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Logo of nihpaAbout Author manuscriptsSubmit a manuscriptHHS Public Access; Author Manuscript; Accepted for publication in peer reviewed journal;
 
Science. Author manuscript; available in PMC 2013 July 8.
Published in final edited form as:
PMCID: PMC3703515
NIHMSID: NIHMS366121

Extrachromosomal microDNAs and chromosomal microdeletions in normal tissues

Abstract

We have identified tens of thousands of short extrachromosomal circular DNAs (microDNA) in mouse tissues as well as mouse and human cell lines. These microDNAs are 200–400 bp long, derived from unique non-repetitive sequence and are enriched in the 5' untranslated regions of genes, exons and CpG islands. Chromosomal loci that are enriched sources of microDNA in adult brain are somatically mosaic for micro-deletions that appear to arise from the excision of microDNAs. Germline microdeletions identified by the "Thousand Genomes" project may also arise from the excision of microDNAs in the germline lineage. We have thus identified a new DNA entity in mammalian cells and provide evidence that their generation leaves behind deletions in different genomic loci.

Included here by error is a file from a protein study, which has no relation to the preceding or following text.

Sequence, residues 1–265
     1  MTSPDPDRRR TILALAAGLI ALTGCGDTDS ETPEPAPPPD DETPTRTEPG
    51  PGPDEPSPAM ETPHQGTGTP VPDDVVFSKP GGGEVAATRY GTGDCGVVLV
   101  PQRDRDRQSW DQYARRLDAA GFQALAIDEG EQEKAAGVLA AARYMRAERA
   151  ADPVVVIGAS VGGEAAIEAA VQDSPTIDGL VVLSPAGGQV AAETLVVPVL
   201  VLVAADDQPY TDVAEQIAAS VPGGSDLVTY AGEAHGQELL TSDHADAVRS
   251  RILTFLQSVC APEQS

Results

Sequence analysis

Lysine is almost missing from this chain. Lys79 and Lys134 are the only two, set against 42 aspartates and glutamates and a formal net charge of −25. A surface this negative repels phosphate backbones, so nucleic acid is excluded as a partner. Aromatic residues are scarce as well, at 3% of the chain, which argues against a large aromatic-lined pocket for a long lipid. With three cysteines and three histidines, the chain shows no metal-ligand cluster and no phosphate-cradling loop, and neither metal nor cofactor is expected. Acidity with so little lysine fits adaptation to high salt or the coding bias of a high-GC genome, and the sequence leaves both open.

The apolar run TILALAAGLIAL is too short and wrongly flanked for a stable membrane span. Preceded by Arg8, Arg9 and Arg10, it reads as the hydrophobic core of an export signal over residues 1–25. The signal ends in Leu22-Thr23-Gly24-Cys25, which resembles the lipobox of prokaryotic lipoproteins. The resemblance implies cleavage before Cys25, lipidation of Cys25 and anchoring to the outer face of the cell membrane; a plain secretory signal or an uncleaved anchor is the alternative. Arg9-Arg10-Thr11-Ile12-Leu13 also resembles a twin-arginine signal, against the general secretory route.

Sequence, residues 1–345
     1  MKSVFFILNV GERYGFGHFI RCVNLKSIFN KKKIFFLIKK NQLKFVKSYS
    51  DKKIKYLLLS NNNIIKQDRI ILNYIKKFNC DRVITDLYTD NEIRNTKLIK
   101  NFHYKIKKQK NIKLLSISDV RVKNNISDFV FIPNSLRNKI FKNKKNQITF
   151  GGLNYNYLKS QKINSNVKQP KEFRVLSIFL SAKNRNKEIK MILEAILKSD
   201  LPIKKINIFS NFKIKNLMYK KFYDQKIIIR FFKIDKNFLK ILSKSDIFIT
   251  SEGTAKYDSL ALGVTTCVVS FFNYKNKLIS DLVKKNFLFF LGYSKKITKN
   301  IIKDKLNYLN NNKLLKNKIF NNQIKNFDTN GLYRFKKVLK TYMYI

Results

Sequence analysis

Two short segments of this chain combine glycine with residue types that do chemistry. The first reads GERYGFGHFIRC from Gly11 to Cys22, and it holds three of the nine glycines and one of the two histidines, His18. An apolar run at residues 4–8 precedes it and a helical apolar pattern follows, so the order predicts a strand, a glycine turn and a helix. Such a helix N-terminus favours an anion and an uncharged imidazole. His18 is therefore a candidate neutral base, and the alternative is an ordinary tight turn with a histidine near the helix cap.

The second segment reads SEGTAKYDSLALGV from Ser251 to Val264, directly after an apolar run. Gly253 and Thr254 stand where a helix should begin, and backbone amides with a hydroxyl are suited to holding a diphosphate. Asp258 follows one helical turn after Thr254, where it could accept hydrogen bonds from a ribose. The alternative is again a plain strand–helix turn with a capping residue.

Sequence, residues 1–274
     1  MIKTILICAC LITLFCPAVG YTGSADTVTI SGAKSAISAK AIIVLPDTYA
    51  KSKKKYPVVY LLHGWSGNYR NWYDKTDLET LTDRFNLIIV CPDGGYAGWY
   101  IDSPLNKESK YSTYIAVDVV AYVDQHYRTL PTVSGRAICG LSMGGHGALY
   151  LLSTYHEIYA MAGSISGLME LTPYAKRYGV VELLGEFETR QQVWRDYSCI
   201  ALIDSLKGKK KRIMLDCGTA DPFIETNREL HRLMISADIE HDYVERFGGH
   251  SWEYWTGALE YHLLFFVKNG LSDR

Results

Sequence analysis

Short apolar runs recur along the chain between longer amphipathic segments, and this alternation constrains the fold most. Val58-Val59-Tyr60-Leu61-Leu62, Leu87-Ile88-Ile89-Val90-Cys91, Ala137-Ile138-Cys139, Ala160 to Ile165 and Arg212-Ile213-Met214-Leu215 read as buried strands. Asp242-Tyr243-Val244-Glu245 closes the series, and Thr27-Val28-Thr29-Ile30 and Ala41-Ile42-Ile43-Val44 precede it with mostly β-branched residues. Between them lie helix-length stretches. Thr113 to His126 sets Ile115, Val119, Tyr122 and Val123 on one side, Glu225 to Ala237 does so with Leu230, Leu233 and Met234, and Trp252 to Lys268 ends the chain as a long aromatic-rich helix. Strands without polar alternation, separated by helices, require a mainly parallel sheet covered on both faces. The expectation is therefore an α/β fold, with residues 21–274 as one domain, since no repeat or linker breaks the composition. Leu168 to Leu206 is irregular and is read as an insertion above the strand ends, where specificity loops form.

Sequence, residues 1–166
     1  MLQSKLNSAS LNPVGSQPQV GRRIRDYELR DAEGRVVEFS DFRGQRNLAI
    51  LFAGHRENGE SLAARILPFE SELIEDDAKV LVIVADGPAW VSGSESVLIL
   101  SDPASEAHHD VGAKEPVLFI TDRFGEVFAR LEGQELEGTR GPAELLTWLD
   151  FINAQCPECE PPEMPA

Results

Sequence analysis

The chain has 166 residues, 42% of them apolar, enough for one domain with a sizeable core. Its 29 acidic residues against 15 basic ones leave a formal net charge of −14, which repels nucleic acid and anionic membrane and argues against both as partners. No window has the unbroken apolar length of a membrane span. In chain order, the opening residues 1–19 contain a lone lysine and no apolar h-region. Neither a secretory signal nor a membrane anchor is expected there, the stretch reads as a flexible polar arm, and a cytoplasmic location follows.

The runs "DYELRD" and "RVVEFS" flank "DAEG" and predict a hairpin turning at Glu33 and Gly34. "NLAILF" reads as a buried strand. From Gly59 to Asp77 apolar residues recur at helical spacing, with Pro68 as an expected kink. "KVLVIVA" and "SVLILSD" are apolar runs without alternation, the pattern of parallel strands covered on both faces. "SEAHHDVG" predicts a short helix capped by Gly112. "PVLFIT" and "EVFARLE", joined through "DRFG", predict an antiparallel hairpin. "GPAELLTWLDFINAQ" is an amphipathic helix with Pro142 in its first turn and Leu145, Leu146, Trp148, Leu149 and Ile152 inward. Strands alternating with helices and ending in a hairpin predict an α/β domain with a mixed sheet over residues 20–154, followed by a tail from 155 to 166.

Single nucleotide polymorphisms and copy number variations are known sources of genetic variation between individuals (15), but there is also great interest in variations that arise during generation of somatic tissues like the mammalian brain, leading to genetic mosaicism between somatic cells. To identify sites of intramolecular homologous recombination during brain development, we searched for extrachromosomal circular DNA (eccDNA) derived from excised chromosomal regions in normal mouse embryonic brains.

We purified eccDNA from nuclei of embryonic day 13.5 (ED13.5) mouse brain, and removed linear DNA by digestion with an ATP-dependent exonuclease (6) (Fig. S1, Table S1 and SOM Methods). Multiple displacement amplification (MDA) with random primers (7, 8) enriched circular DNA by rolling circle amplification. The linear products of MDA were sheared to 500 bp fragments, cloned into a plasmid and clones sequenced. Out of 93 clones, 73 contained direct repeats of several hundred base-pairs (Fig. S2), as would be expected from rolling circle amplification of circles that are a few hundred bp long. Only one copy of the repeat sequence was present in the mouse genome (Fig. S2, S3), indicating that the direct repeats were derived from unique non-repetitive DNA in the genome and could have been generated by rolling circle amplification of a circularized form of genomic DNA.

Three sequences that appeared >2 times in the 73 clones were chosen to confirm the circular nature of the extrachromosomal DNA before any MDA. Outward-directed primers yielded PCR products from 10% of total extrachromosomal DNA (without any MDA), but not from linear genomic DNA for two out of the three sequences (Fig. 1a). The PCR products from outward-directed primers had the same junctions as seen between repeats in the MDA products of the extrachromosomal DNA (Fig. 1b). These results are consistent with the circularization of linear genomic DNA to produce extrachromosomal circular DNA.